In last week’s blog post, "Black Hat Security Conference: Hackers Can Steal Your Car,” we looked at how new technology – the Internet-of-Things and Internet-enabled cars – exposed consumers to greater cyber risk. But today, let’s focus on older technology.
CBS News reports on how one Black Hat security conference presenter discovered that the hotel where he was staying offered Wi-Fi that was exceptionally vulnerable to cyber attacks.
Everyone knows that non-secure Wi-Fi can expose their business to risk, but security researcher Jesus Molina found that this network was using KNX, a protocol only designed to secure wired networks.
A hotel using outdated IT on its Wi-Fi isn't the kind of story that makes headlines. It's probably fairly common. In fact, you might have seen similar issues with your clients. Because of this, it's helpful to examine…
- Why small businesses use obsolete technology.
- How it exposes them to risk.
- Why your business can be blamed if obsolete technology wreaks havoc.
Obsolete Technology at Small Businesses Is a Big Risk
Many small- and medium-sized businesses have piecemeal IT solutions. Some of their software is current and robust, but some is outdated. Smaller companies – like your clients – often don't have the money to completely overhaul their IT. Instead, they sometimes rely on software that's no longer supported or use an IT solution in a way that it shouldn’t be used.
When Molina's hotel used KNX to secure its Wi-Fi, it was simply doing what many other small businesses do: attempting to save money by patching together IT solutions. Unfortunately, these outdated IT solutions expose businesses to data breaches, and when that happens, IT consultants often pay the price.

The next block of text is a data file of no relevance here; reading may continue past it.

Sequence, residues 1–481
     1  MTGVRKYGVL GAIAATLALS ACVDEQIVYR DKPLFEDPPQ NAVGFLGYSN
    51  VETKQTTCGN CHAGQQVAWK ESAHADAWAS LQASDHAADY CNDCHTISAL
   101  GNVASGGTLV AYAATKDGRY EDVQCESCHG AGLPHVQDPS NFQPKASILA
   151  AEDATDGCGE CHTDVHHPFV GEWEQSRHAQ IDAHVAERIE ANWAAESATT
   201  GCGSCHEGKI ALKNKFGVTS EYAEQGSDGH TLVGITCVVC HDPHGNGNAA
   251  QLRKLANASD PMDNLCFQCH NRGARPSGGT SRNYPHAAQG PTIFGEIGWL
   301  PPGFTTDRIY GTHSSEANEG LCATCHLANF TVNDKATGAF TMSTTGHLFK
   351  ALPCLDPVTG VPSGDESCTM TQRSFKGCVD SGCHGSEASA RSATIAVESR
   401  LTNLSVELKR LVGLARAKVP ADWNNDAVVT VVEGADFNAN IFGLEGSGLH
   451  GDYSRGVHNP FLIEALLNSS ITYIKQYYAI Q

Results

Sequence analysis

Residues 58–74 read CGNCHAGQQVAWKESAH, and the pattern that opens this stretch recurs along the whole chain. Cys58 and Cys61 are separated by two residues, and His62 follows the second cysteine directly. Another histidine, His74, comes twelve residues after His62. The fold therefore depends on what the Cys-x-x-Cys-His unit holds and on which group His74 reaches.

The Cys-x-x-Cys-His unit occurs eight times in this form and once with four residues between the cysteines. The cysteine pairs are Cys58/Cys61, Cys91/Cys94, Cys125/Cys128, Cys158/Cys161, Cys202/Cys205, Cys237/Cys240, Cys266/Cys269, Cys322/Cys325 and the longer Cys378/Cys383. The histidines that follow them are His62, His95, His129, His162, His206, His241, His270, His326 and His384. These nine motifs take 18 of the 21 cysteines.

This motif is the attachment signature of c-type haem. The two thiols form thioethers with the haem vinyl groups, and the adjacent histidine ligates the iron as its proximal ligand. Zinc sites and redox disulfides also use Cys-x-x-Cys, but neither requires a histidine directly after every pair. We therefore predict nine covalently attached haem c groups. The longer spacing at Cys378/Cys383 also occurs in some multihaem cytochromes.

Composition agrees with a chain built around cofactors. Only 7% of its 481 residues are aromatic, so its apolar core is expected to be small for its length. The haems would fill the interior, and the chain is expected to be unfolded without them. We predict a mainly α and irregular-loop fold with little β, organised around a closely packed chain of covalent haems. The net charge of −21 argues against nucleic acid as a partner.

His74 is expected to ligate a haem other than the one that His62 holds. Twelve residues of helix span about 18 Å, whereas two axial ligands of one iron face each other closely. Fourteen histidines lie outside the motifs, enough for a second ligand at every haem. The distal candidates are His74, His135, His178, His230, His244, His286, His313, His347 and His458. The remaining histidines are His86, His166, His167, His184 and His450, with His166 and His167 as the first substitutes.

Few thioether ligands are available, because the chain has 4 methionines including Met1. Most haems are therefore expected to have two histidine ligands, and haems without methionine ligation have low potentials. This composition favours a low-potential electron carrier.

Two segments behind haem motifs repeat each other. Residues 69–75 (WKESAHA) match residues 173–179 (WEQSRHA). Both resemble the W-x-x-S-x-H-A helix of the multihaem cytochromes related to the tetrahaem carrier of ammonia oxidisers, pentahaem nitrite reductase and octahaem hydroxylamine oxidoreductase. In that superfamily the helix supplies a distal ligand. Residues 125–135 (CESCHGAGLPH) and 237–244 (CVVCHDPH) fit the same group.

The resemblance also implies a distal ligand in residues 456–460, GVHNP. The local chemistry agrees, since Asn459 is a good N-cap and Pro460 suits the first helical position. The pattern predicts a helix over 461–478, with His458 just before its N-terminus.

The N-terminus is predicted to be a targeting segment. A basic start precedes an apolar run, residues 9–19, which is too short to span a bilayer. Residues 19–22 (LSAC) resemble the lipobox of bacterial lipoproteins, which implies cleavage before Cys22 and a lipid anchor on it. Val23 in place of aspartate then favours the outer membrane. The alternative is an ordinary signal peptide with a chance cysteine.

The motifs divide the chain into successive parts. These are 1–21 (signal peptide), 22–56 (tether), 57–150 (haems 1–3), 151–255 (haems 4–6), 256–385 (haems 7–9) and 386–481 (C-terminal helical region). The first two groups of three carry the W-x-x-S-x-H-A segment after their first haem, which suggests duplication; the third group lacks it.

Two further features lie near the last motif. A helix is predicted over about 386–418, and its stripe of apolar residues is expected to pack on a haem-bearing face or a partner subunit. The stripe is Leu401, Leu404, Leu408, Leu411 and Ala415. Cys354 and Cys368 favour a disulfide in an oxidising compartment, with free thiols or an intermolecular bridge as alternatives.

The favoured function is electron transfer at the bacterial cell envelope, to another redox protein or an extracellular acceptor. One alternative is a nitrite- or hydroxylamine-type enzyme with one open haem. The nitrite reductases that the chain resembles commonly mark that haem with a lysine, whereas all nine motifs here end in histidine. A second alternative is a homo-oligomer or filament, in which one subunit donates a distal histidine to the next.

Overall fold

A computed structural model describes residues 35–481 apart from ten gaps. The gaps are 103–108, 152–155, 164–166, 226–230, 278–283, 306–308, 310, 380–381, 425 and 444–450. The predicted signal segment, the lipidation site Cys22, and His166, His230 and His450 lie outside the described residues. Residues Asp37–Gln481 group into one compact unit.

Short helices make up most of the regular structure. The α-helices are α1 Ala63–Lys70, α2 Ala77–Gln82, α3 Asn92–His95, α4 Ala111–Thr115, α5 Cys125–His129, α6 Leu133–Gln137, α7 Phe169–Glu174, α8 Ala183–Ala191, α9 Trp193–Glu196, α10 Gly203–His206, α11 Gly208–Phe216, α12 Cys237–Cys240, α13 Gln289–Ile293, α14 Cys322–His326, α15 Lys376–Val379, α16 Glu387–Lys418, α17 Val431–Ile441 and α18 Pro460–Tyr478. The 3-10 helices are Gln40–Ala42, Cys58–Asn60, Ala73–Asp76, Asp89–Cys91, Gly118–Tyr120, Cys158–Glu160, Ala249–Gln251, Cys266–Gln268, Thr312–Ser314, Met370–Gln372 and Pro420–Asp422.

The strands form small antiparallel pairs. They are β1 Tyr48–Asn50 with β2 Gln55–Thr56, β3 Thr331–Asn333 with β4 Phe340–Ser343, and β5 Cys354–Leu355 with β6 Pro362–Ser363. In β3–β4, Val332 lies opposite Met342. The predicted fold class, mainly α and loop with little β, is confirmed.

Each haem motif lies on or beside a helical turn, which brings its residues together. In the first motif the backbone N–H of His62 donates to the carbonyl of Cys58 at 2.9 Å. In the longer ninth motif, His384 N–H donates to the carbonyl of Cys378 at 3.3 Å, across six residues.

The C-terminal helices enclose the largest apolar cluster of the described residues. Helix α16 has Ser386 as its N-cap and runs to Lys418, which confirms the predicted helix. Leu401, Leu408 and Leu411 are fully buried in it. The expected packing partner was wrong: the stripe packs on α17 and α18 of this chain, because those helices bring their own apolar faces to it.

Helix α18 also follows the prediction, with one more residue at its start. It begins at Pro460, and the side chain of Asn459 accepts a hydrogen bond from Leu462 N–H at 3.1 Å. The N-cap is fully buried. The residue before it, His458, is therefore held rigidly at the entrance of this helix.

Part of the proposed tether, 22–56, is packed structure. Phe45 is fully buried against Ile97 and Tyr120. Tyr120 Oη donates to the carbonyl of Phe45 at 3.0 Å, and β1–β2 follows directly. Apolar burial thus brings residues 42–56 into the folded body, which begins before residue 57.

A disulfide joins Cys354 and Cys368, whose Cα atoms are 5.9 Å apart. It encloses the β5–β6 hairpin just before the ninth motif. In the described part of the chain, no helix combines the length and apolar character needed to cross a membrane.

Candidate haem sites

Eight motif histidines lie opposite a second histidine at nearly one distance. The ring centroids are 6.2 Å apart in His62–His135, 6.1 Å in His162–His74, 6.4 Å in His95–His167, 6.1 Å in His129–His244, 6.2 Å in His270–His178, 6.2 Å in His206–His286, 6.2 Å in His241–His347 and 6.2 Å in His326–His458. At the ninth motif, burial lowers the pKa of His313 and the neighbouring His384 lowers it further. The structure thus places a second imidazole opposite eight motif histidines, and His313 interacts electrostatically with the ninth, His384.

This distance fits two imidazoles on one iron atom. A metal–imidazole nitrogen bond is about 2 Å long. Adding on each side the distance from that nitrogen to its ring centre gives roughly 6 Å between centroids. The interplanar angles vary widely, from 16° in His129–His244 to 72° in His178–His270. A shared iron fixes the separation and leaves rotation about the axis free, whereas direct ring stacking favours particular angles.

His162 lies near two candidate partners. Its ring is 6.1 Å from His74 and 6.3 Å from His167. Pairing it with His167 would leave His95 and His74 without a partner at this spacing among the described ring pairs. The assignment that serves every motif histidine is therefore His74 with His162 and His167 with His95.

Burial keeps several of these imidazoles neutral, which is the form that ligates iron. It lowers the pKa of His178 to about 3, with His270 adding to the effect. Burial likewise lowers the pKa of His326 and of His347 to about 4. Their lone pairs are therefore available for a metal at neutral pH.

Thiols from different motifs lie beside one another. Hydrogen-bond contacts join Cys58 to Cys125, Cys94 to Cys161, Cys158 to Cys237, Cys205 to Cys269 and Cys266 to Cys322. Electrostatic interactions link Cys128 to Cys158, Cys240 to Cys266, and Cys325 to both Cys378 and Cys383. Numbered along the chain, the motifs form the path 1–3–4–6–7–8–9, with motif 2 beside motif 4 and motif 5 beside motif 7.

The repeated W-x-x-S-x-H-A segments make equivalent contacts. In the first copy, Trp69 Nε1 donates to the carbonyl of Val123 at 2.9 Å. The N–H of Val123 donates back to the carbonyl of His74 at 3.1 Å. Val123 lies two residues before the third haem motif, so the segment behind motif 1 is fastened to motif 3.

Can You Be Sued for Data Breaches on Obsolete Technology? (Hint: Yes)
Imagine you're an electrician. You're hired to rewire some lights on a house. While doing so, you notice that another part of the wiring isn't done properly and could lead to an electrical fire. Though you were only hired for a specific task, you have a responsibility to tell your client that their house is at risk.
The same idea holds true for IT professionals. Say you were hired to install new software at the hotel we discussed above. If you noticed a security problem with the hotel's Wi-Fi, you are obligated to inform the business about the risk. If you don’t, you can be sued for professional negligence if it suffers a data breach.
Because old technology exposes both you and your client to losses, you’d think it would be easy to convince clients to go with advanced solutions. But many clients don't have the money to upgrade software, which puts you in a hard place. If you install a series of less-than-ideal solutions, you must brace yourself for the chance of a lawsuit.
IT Consultant Insurance: Why E&O Never Gets Old
Though some clients' technology and software might be ancient, your Errors & Omissions Insurance never gets old. E&O coverage pays for the cost of lawsuits over data breaches and other IT problems, including…
- Compatibility issues.
- Data loss.
- Performance issues.
- Software flaws.
E & O can cover new liabilities (such as cloud security) and data security issues from obsolete technology. From an insurance perspective, it doesn't matter what type of technology led to a data breach. So long as you keep your policy in force, your coverage can pay for lawyer fees, legal expenses, settlement costs, and judgments, which can amount to a veritable fortune.
For free insurance quotes on Errors and Omissions Insurance for IT professionals, submit an online insurance application.